One of the things that spurred this technologically-inclined society of ours—that helped it to get its footing—is clothing. Indeed, one of the starting points of the Industrial Revolution was the cotton gin, and we've been upgrading textiles ever since.
Even now, our clothes are getting upgrades. Take this latest development, for example: Scientists from Stanford University have created a new type of cloth that cools far better than other types of textiles.
Cotton shirts can increase your temperature by 6.1 degrees, while plastic textiles increase it by 5.2 degrees. But this new textile will add just 1.4 degrees to your body temperature.
If that seems like playing with small numbers to you, know that even a change of a few degrees to building temperature can increase or decrease your energy bill by a huge amount. Imagine not having to adjust the thermostat, but just wearing these new shirts.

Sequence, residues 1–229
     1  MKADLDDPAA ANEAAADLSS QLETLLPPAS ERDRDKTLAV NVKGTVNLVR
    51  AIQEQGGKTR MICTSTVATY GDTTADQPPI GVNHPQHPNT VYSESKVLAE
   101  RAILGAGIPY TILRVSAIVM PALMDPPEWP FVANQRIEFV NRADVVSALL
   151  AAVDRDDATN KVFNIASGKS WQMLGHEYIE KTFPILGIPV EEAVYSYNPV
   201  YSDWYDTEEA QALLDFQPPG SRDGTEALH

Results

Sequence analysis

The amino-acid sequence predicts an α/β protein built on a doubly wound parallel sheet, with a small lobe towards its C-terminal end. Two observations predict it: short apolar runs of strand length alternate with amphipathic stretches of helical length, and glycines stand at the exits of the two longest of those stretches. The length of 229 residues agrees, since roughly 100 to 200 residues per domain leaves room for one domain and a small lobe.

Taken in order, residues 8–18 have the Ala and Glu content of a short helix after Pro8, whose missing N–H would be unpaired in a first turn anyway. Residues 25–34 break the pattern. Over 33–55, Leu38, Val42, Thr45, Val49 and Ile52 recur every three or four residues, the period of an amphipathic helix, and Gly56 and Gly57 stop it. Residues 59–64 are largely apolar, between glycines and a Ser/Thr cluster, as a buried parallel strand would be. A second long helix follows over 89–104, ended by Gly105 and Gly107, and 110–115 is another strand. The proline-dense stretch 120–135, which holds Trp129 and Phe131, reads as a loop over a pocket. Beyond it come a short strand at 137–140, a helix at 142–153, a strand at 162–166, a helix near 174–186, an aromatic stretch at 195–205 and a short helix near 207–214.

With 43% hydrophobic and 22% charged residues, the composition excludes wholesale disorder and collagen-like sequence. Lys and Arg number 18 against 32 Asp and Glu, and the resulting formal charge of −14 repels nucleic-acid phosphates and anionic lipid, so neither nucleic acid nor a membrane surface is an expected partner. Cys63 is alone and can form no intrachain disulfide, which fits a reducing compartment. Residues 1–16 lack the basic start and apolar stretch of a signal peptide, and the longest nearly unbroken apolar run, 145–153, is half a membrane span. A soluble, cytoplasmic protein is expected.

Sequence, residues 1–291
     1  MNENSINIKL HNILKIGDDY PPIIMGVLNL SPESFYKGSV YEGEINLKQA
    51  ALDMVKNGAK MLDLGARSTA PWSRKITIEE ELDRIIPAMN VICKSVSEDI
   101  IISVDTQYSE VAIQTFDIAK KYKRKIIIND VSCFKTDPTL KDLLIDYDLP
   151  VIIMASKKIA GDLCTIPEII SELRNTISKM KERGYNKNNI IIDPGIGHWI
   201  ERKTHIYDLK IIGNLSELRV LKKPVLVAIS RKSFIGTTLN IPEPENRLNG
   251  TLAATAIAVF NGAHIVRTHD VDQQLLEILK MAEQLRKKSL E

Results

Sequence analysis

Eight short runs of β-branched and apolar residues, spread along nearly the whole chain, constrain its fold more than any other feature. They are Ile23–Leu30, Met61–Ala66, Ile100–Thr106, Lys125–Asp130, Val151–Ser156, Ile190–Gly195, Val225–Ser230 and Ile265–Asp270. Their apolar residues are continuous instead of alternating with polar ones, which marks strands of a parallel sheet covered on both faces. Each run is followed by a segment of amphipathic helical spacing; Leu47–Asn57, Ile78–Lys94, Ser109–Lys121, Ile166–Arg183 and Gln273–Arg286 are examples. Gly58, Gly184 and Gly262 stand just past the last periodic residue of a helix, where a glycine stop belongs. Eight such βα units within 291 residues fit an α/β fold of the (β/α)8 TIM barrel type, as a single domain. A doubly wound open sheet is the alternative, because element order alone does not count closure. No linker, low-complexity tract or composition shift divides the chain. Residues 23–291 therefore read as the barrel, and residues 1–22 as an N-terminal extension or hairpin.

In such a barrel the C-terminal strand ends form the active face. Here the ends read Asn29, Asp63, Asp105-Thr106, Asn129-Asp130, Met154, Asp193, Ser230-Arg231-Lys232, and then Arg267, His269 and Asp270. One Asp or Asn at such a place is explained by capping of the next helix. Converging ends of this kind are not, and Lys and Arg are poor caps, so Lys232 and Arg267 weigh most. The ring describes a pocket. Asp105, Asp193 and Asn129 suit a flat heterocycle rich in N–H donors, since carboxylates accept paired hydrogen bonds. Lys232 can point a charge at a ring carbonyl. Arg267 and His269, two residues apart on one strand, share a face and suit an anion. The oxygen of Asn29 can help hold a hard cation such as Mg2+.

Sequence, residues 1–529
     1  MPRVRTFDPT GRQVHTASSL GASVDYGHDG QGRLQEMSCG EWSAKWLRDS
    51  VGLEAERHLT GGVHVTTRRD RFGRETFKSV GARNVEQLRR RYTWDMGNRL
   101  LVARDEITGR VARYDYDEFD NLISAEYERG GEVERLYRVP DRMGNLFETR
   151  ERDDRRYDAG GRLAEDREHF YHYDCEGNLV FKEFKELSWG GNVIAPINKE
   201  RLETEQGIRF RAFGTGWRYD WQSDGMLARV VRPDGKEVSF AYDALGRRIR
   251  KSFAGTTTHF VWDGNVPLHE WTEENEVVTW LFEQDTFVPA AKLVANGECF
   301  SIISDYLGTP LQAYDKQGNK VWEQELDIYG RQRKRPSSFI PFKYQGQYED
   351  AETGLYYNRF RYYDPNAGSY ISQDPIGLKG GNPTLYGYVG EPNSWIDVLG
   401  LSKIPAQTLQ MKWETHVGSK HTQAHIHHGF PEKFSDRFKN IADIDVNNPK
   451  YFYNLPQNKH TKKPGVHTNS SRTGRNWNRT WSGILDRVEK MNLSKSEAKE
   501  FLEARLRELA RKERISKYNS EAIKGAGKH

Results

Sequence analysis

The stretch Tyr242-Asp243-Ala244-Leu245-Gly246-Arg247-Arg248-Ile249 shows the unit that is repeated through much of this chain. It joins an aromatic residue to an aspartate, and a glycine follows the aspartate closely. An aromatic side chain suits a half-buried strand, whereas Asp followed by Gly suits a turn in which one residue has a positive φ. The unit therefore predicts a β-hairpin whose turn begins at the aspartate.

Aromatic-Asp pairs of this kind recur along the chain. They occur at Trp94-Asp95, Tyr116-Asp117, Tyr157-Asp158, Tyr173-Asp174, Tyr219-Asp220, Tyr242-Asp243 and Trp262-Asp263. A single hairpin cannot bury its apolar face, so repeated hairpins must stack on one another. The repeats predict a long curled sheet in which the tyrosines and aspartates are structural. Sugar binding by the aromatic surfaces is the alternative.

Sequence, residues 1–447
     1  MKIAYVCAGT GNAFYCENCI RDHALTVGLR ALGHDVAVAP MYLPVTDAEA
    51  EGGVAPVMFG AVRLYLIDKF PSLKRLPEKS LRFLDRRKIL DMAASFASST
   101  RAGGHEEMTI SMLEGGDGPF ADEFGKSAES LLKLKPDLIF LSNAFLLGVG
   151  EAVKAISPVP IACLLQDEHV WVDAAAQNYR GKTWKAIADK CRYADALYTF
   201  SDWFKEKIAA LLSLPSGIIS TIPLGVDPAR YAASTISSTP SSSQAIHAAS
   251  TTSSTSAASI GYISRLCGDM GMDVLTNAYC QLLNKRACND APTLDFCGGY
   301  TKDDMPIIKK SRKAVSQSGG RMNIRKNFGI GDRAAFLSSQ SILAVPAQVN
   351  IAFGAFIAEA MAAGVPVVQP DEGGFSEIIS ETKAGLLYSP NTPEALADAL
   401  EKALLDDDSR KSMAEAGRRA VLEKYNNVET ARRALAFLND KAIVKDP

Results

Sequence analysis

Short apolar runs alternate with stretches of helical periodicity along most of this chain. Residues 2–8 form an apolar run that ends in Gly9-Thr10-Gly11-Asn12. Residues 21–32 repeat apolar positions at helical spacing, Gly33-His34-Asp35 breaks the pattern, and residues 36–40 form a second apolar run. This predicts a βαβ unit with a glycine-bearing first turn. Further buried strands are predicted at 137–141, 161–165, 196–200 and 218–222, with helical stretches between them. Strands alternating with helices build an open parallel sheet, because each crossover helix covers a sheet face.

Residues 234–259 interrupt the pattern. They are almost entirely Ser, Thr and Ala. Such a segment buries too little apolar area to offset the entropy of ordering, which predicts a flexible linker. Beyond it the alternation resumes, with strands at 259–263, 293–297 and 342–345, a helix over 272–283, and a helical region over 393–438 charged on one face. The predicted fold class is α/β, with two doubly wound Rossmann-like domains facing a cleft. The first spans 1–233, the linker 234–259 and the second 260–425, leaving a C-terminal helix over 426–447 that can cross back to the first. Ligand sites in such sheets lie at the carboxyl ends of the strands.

The trick behind this new "magic textile" is its ability to allow things to pass through it. Like typical cotton, it allows the body to breathe, permitting water vapor to escape through the cloth's pores.
But unlike these cotton shirts, infrared radiation can also escape. Around 96 percent of infrared (aka heat) can get through the material. That's because the textile is built like kitchen cling-wrap, having the same effect as light through glass.
But that's not to say the shirts are perfect. They're actually too much like cling-wrap, having a plastic-like feel to the skin. Also, it's confined to one color as of now: wax-paper beige (not the prettiest thing ever). That's because even the process of dyeing can affect the molecular properties of the shirt. But still, it's a notable beginning.
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